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    ABSTRACT: The emptying of pipework from fluids of high viscosity is a significant multiphase flow problem in many food and personal care industries. Maximising product recovery whilst minimising cleaning time and effluent volume is important in minimising the environmental footprint of the plant. The cleaning of pipework fully filled by toothpaste by water under different process conditions has been studied and monitored by weighing pipes at intervals. Three flow regimes have been identified; a short core removal stage of product recovery, before water breaks through the filled pipe, and two in subsequent cleaning, film removal when there is a continuous wavy annular film on the wall, and patch removal in which the material is present as patches on the wall. The amount of product recovered in core removal is here not a function of flow conditions; however, conditions during core removal significantly affect the overall cleaning time. Overall cleaning time can be reduced by at least 25% by selecting the best removal conditions in the different stages. It is hypothesised that this is due to changes in the wall layer induced during core removal, with a very wavy wall layer leading to rapid subsequent removal. If this effect could be understood and scaled up it may be possible to improve commercial cleaning processes.
    No preview · Article · Nov 2014 · Chemical Engineering Research and Design
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    ABSTRACT: Lubrication behaviour of foodstuff is related to mouthfeel perception and consumer appreciation. Soft tribology of food related products has mainly been investigated with semi-solid food, polymer solutions and water continuous emulsions, and this is the first study aimed at investigating soft tribolocigal behaviour of oil continuous emulsions. All the emulsions considered here exhibit the same trends in terms of lubrication behaviour, where little boundary lubrication is observed at the entrainment speed considered. The volume of dispersed aqueous phase affects overall tribology of oil continuous emulsions via an increase in their dynamic viscosity. Increasing the phase volume leads to an increase in friction in the elastohydrodynamic regime whereas the lubrication in the boundary regime is improved. Elastohydrodynamic lubrication is independent of the aqueous phase composition and the type of emulsifier present at the water–oil interface. These parameters affect boundary lubrication of emulsion systems exhibiting droplet size bigger than the elastohydrodynamic oil film thickness. This is expected to have a significant impact on the design of low fat emulsions that match the lubrication properties of their full fat version.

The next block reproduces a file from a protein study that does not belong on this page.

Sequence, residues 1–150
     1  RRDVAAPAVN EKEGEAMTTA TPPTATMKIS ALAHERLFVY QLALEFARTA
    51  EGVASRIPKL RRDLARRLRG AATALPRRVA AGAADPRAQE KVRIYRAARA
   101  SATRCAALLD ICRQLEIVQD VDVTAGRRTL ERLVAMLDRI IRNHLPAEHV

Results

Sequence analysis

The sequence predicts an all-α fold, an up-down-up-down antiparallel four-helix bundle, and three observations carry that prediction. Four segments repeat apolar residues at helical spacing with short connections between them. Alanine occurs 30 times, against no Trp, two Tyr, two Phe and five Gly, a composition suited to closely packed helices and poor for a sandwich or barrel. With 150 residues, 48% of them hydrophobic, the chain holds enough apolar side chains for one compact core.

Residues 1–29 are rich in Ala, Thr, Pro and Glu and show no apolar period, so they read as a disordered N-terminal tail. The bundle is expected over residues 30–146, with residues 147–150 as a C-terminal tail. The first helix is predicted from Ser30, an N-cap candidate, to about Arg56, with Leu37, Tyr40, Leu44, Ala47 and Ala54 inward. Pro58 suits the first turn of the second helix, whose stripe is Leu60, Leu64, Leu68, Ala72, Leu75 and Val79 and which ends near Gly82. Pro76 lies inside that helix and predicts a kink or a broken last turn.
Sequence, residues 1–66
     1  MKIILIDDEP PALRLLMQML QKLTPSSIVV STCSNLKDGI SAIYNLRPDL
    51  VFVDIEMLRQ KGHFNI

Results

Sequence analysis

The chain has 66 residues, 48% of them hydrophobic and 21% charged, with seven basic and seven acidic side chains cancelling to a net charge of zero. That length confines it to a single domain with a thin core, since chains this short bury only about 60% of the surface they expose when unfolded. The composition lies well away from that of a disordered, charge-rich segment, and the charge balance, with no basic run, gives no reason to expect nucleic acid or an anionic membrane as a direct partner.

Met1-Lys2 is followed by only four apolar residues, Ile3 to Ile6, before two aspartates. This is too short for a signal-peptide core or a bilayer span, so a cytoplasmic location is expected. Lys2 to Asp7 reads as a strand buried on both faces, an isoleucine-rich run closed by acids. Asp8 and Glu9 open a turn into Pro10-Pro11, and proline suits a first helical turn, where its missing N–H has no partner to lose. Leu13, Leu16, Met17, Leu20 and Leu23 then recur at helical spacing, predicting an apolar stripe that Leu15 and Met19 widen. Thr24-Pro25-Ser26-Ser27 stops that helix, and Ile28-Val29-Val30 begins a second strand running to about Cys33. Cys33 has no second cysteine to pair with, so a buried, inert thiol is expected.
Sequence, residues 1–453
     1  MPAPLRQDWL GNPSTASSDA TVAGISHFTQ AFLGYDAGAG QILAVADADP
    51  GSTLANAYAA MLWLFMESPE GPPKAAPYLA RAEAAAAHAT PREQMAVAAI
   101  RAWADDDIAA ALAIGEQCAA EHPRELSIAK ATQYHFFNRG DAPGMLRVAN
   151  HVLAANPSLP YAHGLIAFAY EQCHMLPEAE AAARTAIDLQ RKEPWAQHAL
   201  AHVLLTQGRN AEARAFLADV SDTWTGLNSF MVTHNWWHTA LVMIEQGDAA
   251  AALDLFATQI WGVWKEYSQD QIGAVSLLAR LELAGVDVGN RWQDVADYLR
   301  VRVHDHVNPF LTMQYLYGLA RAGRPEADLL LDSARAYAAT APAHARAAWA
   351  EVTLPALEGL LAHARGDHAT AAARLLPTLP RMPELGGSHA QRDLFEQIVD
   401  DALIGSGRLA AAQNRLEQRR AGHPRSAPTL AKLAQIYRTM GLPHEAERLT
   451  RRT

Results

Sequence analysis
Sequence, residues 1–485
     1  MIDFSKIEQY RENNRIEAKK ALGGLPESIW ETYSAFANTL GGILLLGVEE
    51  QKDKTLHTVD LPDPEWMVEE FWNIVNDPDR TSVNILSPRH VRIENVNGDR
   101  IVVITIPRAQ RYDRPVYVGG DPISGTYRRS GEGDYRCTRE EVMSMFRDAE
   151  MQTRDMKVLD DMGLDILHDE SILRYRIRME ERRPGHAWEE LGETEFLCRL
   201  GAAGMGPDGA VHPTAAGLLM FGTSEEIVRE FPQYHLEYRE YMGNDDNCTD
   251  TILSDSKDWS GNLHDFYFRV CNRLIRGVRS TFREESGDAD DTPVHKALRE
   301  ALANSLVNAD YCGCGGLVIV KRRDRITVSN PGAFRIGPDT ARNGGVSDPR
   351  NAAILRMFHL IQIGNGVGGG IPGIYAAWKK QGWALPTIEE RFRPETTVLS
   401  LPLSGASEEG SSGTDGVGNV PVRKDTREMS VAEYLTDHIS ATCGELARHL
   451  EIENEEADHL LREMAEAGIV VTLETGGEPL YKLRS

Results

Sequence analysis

No preview · Article · Oct 2014 · Journal of Food Engineering
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    ABSTRACT: A nickel-silica core@shell catalyst was applied for a methane tri-reforming process in a fixed-bed reactor. To determine the optimal condition of the tri-reforming process for production of syngas appropriate for methanol synthesis the effect of reaction temperature (550–750 °C), CH4:H2O molar ratio (1:0–3.0) and CH4:O2 molar ratio (1:0–0.5) in the feedstock was investigated. CH4 conversion rate and H2/CO ratio in the produced syngas were influenced by the feedstock composition. Increasing the amount of steam above the proportion of CH4:H2O 1:0.5 reduced the H2:CO molar ratio in produced syngas to ∼1.5. Increasing oxygen partial pressure improved methane conversion to 90% at 750 °C. At low ∼550 °C reaction temperature the tri-reforming process was not effective with low hydrogen production (H2 yield ∼20%) and very low <5% CO2 conversion. Increasing reaction temperature increased hydrogen yield to ∼85% at 750 °C. From all the tested reaction conditions the optimal for tri-reforming over the 11%Ni@SiO2 catalyst was: feed composition with molar ratio CH4:CO2:H2O:O2:He 1:0.5:0.5:0.1:0.4 at T = 750 °C. The results were explained in the context of characterisation of the catalysts used. The obtained results showed that the tri-reforming process can be applied for production of syngas with composition suitable for methanol synthesis.
    Preview · Article · Aug 2014 · International Journal of Hydrogen Energy
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